Toaster vs. freezer

Griffin sums up the situation like this: You put a toaster in a freezer. You run the extension cord in there. You put some good bread in there. You click it down. What even happens, right? Because if your answer is, "it would get hot," then the freezer hasn’t done its job. But if you say "it would get cold," then the toaster hasn’t done its job.

The coils in regular toasters get hot enough to glow, which means they’re over about 600°C. Since the toaster is operating at such high temperatures, it would hardly notice whether the surrounding environment is 20°C (room temperature), 4°C (a fridge), or -15°C (a freezer). [1] The zero on our usual temperature scales can confuse things, since it makes it seem like going from 10° to 20° is "doubling" the temperature.

But the "zero" on the Celsius scale is just a point chosen by convention. If we switch to Kelvin, which counts in degrees above absolute zero, a freezer is 260 K, a fridge is 275 K, a normal room is 295 K … and the heating element in a toaster is 900 K.

The toaster needs to heat its coils from room temperature to somewhere over 600°C. From the toaster’s point of view, a 20- or 40-degree change in starting temperature hardly matters. The coils will get hot, and then the bread will get hot, too. If the bread is colder at the start, the toaster will have to heat it a little longer to get it up to ideal toasting temperature, but it will have no trouble getting there. As anyone who’s ever burned a piece of toast knows, toasters are definitely capable of heating bread to above the ideal temperature for toast.

The answer is that the toaster would still win. A toaster produces about a thousand watts of heat, and the cooling system in a household freezer can’t remove heat that fast. In fact, since freezers are so well insulated, the inside of the freezer would probably get much hotter than the rest of the house, and eventually the toaster and/or the freezer would probably overheat. [2] Either device have a safety cutoff that stops things from actually melting down, but it’s probably not wise to count on that in this situation.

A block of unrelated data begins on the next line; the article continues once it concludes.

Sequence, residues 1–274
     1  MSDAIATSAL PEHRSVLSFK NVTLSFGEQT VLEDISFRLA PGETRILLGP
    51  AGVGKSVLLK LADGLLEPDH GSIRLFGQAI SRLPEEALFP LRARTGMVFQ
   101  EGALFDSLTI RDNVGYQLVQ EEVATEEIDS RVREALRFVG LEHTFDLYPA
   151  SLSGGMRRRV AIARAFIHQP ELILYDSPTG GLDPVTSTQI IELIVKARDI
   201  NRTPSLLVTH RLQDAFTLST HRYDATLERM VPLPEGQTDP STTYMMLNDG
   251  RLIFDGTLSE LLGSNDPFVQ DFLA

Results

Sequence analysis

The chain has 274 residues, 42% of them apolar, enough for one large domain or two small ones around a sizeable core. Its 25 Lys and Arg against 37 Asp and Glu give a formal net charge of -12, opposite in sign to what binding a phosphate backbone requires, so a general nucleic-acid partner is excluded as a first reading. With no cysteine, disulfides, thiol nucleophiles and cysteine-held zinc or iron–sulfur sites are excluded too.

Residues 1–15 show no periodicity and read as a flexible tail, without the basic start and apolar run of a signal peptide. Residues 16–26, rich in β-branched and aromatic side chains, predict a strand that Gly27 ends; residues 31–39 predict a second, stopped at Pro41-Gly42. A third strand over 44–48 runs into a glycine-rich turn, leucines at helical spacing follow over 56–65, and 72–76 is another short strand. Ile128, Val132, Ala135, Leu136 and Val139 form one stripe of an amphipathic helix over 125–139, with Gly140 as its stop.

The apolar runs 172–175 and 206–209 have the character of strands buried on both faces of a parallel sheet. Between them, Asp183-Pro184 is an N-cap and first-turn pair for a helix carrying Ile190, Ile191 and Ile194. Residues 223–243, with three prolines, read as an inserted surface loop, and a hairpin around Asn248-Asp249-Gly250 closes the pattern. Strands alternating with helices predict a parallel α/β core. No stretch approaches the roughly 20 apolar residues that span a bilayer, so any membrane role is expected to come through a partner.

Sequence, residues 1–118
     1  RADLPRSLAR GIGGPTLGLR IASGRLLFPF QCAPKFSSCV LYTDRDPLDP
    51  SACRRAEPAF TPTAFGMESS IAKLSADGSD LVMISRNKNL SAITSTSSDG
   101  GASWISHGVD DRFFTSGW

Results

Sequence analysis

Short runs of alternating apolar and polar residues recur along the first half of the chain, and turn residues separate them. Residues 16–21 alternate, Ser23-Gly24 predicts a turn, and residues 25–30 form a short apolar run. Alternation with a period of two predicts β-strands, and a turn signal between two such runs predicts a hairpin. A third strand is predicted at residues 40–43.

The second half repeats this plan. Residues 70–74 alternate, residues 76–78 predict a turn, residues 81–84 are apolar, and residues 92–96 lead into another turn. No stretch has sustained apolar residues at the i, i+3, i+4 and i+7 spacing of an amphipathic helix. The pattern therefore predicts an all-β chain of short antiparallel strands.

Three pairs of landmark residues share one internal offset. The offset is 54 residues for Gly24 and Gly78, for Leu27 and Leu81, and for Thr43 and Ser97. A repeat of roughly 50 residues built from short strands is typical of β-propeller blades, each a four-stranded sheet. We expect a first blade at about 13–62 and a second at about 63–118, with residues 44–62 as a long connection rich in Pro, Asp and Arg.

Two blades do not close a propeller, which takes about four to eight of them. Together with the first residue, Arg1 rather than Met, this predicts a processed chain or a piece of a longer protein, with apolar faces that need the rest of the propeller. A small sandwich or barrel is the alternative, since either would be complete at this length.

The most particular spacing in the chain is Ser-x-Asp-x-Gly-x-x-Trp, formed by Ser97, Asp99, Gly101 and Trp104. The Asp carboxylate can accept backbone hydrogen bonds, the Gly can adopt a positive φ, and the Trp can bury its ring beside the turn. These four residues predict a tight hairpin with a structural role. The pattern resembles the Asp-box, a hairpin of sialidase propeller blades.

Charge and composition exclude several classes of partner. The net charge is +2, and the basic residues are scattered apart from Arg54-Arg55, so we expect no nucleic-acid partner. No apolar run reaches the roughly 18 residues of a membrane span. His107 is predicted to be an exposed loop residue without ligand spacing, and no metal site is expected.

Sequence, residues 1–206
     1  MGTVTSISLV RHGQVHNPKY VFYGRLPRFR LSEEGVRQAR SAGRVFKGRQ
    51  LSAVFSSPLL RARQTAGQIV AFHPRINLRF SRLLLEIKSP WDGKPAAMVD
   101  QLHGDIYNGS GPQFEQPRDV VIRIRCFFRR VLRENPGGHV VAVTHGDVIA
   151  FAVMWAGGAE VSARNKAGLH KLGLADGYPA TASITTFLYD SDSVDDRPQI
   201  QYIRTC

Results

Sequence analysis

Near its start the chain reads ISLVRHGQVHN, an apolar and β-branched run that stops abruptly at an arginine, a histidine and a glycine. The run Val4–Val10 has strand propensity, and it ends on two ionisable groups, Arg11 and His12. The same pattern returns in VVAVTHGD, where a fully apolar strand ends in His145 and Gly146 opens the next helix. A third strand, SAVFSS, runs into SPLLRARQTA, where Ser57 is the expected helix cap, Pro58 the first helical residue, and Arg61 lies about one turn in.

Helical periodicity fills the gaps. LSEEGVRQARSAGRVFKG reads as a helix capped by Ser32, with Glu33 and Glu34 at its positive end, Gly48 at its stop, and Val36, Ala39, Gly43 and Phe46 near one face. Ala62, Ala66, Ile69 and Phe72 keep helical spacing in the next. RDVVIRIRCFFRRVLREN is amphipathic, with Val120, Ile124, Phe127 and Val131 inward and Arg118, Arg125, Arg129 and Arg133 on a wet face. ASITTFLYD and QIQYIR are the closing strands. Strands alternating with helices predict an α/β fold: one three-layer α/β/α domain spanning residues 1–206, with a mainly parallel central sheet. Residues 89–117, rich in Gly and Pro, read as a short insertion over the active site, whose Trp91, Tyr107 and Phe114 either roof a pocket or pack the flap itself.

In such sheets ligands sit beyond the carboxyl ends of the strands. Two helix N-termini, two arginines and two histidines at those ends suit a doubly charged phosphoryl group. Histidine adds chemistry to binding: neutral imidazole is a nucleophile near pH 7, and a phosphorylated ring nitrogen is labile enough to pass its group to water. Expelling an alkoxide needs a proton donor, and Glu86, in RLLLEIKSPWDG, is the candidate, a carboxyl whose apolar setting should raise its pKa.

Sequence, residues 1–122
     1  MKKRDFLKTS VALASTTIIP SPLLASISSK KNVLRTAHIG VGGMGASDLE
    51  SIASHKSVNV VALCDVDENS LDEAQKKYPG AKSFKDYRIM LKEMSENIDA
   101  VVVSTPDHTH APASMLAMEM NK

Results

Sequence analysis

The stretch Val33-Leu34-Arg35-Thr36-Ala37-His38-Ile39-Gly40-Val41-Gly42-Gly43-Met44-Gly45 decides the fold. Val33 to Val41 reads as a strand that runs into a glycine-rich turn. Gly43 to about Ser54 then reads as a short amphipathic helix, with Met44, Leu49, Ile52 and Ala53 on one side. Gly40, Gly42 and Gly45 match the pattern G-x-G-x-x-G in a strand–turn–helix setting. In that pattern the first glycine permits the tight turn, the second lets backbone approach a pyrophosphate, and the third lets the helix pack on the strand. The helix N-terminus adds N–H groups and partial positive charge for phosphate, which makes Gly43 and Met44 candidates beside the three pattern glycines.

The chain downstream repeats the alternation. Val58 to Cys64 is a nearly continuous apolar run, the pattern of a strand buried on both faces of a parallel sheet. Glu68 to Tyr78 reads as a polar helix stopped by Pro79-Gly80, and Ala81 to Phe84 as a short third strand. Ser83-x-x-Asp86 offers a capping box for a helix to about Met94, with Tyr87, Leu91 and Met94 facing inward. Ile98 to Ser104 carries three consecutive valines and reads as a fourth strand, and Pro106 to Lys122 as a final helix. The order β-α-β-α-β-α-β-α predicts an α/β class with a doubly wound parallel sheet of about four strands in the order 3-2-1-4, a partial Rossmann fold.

Refrigerators and freezers work by soaking up heat from their interior and dumping it out the back. [3] That’s why the area behind your freezer is warm, and why you can’t cool a room by leaving the fridge door open. In a sense, they’re more efficient than toasters. Fridges have a "coefficient of performance" of 2 or 3, which means it only takes them 1 unit of electrical energy to move 2 or 3 units of heat energy from the interior to the exterior. A toaster, on the other hand, produces 1 unit of heat from 1 unit of electricity. But since the compressor in a fridge-freezer typically only uses 100 or 150 watts when it’s running, [4] You can see some real-world graphs of refrigerator power usage, courtesy people with home electricity meters, with a simple Google Image search. The distinctive on-off square-wave pattern is the compressor switching on and off throughout the day, while the big spikes are the heating element that keeps frost from building up on the coils. This power consumption is split between the fridge and the freezer, but if the fridge is already cold, most of the energy will be spent fighting with the toaster. so even with the efficiency multiplier, it can’t keep up with the toaster’s 1000+ watts of heat production.

If you happen to live in the Canadian city of Winnipeg, you can check this experimentally. The winter temperature at night in Winnipeg is about the same as the inside of a freezer, so the environment there effectively simulates a freezer with infinite capacity to absorb heat. Suppose you put a toaster out on your porch one night, plugged in by an extension cord, and leave it running for a few hours, going outside every so often to collect the toast and put in some fresh bread. What will happen? Simple: You’ll quickly be eaten by wolves.

The difference between what humans consider "cold" and "warm" is negligible in a lot of high-temperature processes. For example, Antarctica has a well-equipped fire department. It might seem strange to worry about things getting too hot in the coldest place on Earth, but fire poses a serious threat to the researchers there. After all, the place is dry, windy, and doesn’t have a lot of liquid water sitting around to douse a flame with. Sure, it’s cold—but to a fire, everything is cold.